Tyre pressure monitoring systems allow for the remote tracking of fleet tyre pressure, which carries with it a number of benefits, some of which may not be immediately obvious. In this post, we’re going to cover all of the benefits of a tyre pressure monitoring system for cars, as well as everything else that vehicle owners need to know about them.
What Is a Car Tyre Pressure Monitoring System?
As the name implies, a tyre pressure monitoring system is a system that can automatically notify the driver when tyre pressures are getting low. These systems are relatively standard in modern cars, but the type of TPMS tyre pressure monitoring system typically found in cars is quite limited. That’s because it only registers a significant change in pressure but doesn’t know what the actual pressure is. In short, it’s great for keeping a driver from continuing on a flat tyre, but that’s all.
The type of tyre pressure monitoring systems UK companies use for their fleets are a little more advanced, presenting actual pressure information. This allows a driver or organisation to stay on top of their tyre pressures without the need to perform regular manual checks. And, with remote tyre pressure monitoring systems, all this data can be monitored in real time across the whole fleet.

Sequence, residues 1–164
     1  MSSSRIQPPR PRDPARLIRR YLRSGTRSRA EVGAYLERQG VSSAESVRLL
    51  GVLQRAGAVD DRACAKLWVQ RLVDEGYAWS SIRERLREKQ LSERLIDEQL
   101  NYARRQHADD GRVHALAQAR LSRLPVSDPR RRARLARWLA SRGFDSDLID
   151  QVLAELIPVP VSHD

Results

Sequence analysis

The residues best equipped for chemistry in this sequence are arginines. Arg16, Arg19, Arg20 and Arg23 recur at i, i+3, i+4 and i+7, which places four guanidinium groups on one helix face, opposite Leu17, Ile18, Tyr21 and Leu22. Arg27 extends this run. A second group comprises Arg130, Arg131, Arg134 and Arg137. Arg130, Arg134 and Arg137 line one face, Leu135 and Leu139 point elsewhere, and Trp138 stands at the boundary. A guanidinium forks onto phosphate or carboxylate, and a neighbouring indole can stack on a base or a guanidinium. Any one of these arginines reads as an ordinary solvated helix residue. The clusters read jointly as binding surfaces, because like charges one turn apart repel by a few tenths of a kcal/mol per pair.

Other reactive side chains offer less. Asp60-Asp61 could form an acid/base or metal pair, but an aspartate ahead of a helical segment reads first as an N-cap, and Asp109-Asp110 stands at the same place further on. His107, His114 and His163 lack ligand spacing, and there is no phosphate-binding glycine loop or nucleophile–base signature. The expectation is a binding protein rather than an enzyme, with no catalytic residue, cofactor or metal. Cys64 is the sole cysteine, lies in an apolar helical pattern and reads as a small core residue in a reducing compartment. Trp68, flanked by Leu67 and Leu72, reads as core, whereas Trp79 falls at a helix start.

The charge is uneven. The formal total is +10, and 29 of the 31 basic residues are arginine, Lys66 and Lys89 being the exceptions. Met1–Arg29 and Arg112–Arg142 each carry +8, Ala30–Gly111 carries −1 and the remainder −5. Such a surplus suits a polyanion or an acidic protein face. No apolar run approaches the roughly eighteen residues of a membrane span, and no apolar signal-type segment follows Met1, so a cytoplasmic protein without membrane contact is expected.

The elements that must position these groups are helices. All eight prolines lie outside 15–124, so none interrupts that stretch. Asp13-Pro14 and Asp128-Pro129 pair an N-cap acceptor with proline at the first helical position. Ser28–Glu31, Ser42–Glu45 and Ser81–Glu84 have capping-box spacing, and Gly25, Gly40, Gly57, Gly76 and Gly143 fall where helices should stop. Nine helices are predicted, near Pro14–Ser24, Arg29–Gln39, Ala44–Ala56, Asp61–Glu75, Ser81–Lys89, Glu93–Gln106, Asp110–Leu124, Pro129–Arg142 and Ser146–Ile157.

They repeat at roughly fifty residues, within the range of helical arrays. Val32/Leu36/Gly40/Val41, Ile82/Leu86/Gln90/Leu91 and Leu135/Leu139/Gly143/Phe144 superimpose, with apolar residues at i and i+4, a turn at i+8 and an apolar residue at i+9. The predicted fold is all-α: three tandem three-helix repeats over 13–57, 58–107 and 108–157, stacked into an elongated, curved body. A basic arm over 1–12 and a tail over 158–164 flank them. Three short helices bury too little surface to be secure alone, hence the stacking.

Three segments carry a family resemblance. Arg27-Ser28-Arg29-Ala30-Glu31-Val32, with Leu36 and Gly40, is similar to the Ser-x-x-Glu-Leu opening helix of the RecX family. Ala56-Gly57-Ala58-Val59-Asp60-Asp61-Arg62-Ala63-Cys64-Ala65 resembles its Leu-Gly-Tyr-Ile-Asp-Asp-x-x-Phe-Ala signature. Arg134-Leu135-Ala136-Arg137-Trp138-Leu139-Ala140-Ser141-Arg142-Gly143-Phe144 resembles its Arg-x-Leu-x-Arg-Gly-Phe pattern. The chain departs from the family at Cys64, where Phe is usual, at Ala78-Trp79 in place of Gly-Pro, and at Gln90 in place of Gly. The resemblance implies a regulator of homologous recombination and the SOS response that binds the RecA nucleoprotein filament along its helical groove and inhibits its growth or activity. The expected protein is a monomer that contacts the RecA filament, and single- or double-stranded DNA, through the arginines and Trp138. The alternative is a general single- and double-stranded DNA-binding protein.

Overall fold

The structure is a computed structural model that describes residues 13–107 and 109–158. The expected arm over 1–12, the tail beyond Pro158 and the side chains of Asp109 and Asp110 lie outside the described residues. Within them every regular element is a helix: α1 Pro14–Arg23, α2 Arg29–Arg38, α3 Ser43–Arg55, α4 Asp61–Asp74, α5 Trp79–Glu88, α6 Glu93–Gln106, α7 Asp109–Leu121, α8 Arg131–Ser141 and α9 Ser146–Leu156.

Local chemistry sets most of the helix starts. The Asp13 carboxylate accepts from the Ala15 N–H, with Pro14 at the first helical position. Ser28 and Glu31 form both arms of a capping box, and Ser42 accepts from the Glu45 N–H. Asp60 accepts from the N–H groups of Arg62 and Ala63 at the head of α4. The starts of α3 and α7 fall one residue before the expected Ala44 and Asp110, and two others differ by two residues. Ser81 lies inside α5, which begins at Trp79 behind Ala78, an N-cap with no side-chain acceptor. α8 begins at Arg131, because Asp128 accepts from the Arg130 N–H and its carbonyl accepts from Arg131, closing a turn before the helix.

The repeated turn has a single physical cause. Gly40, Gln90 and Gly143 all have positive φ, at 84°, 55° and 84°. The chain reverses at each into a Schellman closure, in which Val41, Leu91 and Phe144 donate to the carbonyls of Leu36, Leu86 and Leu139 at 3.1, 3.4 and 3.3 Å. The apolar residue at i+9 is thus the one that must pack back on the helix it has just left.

What Are the Benefits of a Car Tyre Pressure Monitoring System?
We know what these systems are, but why are they so important? And what are the main benefits of using them? Below are the main advantages that a pressure monitoring system provides:
Soft tyres can cause problems with handling, which increases the chances of an accident happening. In addition to the risk to the life of drivers — which is obviously the biggest concern — accidents can result in significant expenses through damaged goods, missed deliveries and raised insurance premiums.
Stay clear of legal trouble